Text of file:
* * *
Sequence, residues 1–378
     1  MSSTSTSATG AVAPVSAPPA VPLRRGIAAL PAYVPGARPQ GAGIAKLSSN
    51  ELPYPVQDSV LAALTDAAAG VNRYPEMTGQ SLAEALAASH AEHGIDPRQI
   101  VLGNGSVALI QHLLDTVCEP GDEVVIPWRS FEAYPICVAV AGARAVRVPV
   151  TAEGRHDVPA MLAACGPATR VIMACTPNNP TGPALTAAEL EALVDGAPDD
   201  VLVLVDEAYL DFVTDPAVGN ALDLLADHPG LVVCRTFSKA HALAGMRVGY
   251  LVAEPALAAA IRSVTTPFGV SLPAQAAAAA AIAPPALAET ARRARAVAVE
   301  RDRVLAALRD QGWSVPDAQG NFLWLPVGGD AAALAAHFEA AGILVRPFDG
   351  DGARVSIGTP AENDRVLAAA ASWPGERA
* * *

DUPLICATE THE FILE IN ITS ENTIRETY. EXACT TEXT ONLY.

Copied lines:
Sequence, residues 1–378
     1  MSSTSTSATG AVAPVSAPPA VPLRRGIAAL PAYVPGARPQ GAGIAKLSSN
    51  ELPYPVQDSV LAALTDAAAG VNRYPEMTGQ SLAEALAASH AEHGIDPRQI
   101  VLGNGSVALI QHLLDTVCEP GDEVVIPWRS FEAYPICVAV AGARAVRVPV
   151  TAEGRHDVPA MLAACGPATR VIMACTPNNP TGPALTAAEL EALVDGAPDD
   201  VLVLVDEAYL DFVTDPAVGN ALDLLADHPG LVVCRTFSKA HALAGMRVGY
   251  LVAEPALAAA IRSVTTPFGV SLPAQAAAAA AIAPPALAET ARRARAVAVE
   301  RDRVLAALRD QGWSVPDAQG NFLWLPVGGD AAALAAHFEA AGILVRPFDG
   351  DGARVSIGTP AENDRVLAAA ASWPGERA